Africa is a vast continent with many different peoples and a diverse diaspora whose cultural and spiritual heritage has often been misunderstood and misrepresented through colonial and Western perspectives. The ability to move past assumptions and conditioning always presents a challenge, which requires that we aim to see the essence of human life and experience. The philosopher seeks this essence and the profound depths often hidden behind the veil of myth.
Africa has been home to human beings and their ancestors for over 4,000,000 years and is often considered the birthplace of human life. In the myths of the Nilotic peoples and the Ewe tribe of Togo, there is the common idea that man is made out of clay. The use of clay to describe human beings is also found in some ancient Egyptian myths, as well as the Bible. What does it suggest? From a traditional point of view, clay describes the properties of matter. Malleable and infinite in the shapes that it can take on, it is ever subject to change, can become rigid and fixed in forms which are fragile and eventually disintegrate, returning to the Earth… What moves and shapes the clay? In the creation myths of Africa, it is often a great creator God, who also ‘breathes life’ into the ‘clay’, bringing it alive in the form of human beings. This ‘breath of life’, the mysterious consciousness, at once energy and spirit, impresses itself on the clay, transforming it into something entirely different.
Another common idea in African myths is the slightly tragic way in which human beings learn about their ultimate fate – death. In the Nzami myth, Fan, the first man, was himself immortal but became arrogant and was duly punished. The new man who succeeded Fan was created differently with ‘his head turned’ in order that he could see death. Unlike the immortal Fan, this second man had two parts: one immortal, one mortal; a soul and a body. In several other myths, God sends an animal messenger such as a leopard or a dog to tell man that he is immortal but something goes awry and the journey is interrupted; meanwhile, another messenger arrives first and distorts the message, telling man that he is to die. In these myths, man is again neither quite mortal nor immortal. There is a sense of ambiguity and the tragedy is that man has accepted death as his fate; and often, even when the true messenger gets to him and explains, man cannot accept the other message.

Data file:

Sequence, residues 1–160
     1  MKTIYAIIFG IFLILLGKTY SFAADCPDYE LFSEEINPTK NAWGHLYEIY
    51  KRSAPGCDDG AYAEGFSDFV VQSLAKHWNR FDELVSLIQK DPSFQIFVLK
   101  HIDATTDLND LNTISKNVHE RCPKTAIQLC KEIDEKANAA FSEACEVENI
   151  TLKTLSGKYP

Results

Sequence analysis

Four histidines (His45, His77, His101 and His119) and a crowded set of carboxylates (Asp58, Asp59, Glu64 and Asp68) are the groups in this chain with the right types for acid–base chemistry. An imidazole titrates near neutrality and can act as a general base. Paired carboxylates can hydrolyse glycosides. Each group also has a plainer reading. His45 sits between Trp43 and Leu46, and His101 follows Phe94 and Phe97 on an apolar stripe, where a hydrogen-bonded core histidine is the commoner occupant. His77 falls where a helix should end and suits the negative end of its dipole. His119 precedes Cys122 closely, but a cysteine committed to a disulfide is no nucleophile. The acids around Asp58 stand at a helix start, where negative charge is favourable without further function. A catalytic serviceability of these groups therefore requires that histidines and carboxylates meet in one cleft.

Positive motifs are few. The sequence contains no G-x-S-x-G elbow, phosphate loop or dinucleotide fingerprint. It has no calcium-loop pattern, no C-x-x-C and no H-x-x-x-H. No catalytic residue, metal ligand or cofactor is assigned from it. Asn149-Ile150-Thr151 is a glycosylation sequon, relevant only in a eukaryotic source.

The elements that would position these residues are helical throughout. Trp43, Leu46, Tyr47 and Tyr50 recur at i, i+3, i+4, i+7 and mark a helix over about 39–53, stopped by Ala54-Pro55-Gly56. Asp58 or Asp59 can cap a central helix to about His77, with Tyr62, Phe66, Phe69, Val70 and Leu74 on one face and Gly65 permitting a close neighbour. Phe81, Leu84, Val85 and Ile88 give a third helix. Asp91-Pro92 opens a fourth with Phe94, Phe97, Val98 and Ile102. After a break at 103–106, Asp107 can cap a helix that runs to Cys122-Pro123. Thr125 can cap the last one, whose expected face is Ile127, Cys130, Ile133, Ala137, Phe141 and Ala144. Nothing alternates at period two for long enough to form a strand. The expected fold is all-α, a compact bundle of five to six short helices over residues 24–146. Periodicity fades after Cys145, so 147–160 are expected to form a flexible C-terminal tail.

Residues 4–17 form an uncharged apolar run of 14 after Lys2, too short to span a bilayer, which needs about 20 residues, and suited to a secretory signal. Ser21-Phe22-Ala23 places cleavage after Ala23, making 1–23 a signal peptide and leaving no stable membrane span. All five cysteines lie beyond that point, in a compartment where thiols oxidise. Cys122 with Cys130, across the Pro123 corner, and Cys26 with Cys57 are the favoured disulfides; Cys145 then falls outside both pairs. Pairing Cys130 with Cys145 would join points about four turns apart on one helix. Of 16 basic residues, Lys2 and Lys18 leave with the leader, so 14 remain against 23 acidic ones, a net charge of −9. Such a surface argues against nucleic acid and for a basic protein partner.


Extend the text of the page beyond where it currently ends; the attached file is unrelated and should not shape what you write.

It is common for African traditions to have an animistic view of the world, where everything is alive and populated by spirits who can be communicated with in particular ways. A beautiful myth from Niger and Congo which goes someway to illuminating this viewpoint is of a ‘divine root’ from which everything has its essence and into which everything will eventually dissolve back. Nothing exists outside of this one source. Amongst the Bushmen there is also something similar to the ‘Yggdrasil tree’ of Norse mythology, a primordial tree from which all living things are born. These myths represent a profound concept of the human being and our position in the Universe and our relationship to all other life. We find these ideas not wholly different from scientific theories of the origins of the Universe, not to mention the myths of other traditions Where the scientist might refer to an atom the African myth may refer to the seed.
These myths of Africa have nourished and guided the hearts of countless generations and still inspire some today. They are a precious jewel in the wealth of human experience and a rich source of inspiration for the lover of humanity, nature and wisdom.